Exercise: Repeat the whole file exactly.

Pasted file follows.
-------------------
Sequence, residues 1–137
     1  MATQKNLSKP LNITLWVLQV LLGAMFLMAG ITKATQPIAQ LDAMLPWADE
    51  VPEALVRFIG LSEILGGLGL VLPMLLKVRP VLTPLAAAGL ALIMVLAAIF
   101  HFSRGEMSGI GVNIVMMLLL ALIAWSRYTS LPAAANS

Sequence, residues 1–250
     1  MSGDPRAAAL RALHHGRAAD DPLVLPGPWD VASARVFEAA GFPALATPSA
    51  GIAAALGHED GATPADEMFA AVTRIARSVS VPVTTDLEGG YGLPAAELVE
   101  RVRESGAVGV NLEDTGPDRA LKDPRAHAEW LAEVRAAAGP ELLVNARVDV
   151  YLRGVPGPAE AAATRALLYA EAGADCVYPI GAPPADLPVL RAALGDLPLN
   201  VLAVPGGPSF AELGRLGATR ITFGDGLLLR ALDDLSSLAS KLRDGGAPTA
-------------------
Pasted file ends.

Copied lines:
Sequence, residues 1–137
     1  MATQKNLSKP LNITLWVLQV LLGAMFLMAG ITKATQPIAQ LDAMLPWADE
    51  VPEALVRFIG LSEILGGLGL VLPMLLKVRP VLTPLAAAGL ALIMVLAAIF
   101  HFSRGEMSGI GVNIVMMLLL ALIAWSRYTS LPAAANS

Sequence, residues 1–250
     1  MSGDPRAAAL RALHHGRAAD DPLVLPGPWD VASARVFEAA GFPALATPSA
    51  GIAAALGHED GATPADEMFA AVTRIARSVS VPVTTDLEGG YGLPAAELVE
   101  RVRESGAVGV NLEDTGPDRA LKDPRAHAEW LAEVRAAAGP ELLVNARVDV
   151  YLRGVPGPAE AAATRALLYA EAGADCVYPI GAPPADLPVL RAALGDLPLN
   201  VLAVPGGPSF AELGRLGATR ITFGDGLLLR ALDDLSSLAS KLRDGGAPTA